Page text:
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Educators preserve, shape future with 'ALT NEW COLLEGE'; NY appeals court denies delay for Trump civil fraud trial; Michigan coalition gets cash influx to improve childcare.

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A House Committee begins its first hearing in the Biden impeachment inquiry, members of Congress talk about the looming budget deadline and energy officials testify about the Maui wildfires.

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A small fire department in rural Indiana is determined not to fail new moms and babies, the growing election denial movement has caused voting districts to change procedures and autumn promises spectacular scenery along America's rural byways.

New Reports Outline Need for Healthier Eating Habits

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Friday, March 24, 2023   

Two recent reports take aim at improving health across the United States and the world.

A report from the World Health Organization found that the world is off track to meet a global goal of reducing sodium intake. Every member state of the WHO pledged to reduce sodium intake by 30% by 2025, but only nine countries have adopted policies that will achieve that goal.

The WHO's Sodium Scorecard shows that the United States has policies in place to reduce sodium, albeit not to the organization's recommended levels.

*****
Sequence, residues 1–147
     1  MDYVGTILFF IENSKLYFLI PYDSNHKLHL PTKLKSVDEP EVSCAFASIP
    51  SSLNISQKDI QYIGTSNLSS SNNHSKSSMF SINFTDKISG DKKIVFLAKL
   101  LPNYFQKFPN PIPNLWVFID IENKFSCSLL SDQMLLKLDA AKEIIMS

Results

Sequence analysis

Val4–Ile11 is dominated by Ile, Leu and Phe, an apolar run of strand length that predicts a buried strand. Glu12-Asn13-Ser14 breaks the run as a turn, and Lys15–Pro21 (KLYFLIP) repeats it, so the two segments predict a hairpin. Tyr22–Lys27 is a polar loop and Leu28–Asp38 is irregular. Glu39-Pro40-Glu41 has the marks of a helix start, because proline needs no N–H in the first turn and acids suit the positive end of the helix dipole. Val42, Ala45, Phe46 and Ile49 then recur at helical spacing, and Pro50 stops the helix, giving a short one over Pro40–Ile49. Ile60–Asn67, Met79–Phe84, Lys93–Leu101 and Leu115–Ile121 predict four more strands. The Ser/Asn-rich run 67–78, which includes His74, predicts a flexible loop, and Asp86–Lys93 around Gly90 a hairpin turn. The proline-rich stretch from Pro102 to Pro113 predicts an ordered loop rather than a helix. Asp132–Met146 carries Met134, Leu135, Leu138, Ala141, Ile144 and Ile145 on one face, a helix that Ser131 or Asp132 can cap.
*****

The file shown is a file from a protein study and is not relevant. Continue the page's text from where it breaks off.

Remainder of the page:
Dr. Julie Chen, an internal-medicine physician at Kaiser Permanente, noted that people can check food packaging at the grocery store, and described low-sodium meal preparation options.

"Things like garlic, lemon," she said. "Many of the ingredients that are aromatic but do not contain sodium are good ways to flavor foods but decrease the salt content of the meal."

Chen added that canned and pre-packaged foods might have more sodium than people realize. According to the U.S. Department of Agriculture's 2020 to 2025 Dietary Guidelines, Americans should consume less than 2,300 milligrams of sodium per day as part of a healthy eating pattern. However, the Centers for Disease Control and Prevention found that, on average, Americans consume at least 3,400 milligrams of sodium per day.

Research from the American College of Cardiology found that low-carb, high-fat diets such as Keto are actually not as healthy as they might appear. Researchers found there's a causal relationship between going on these kinds of diets and having high levels of "bad" cholesterol, which can lead to a heightened risk of chest pain and heart attack.

Chen said healthy eating habits often don't start with food.

"The best diet to be on is one that the patient will stick with and have a better balance to ensure the patients are getting all the nutrients their bodies require," she said.

Chen recommended the Mediterranean Diet, which emphasizes fruits, vegetables, whole grains and fish or poultry instead of red meats. The Cleveland Clinic found that the diet can be great for improving heart health blood pressure.


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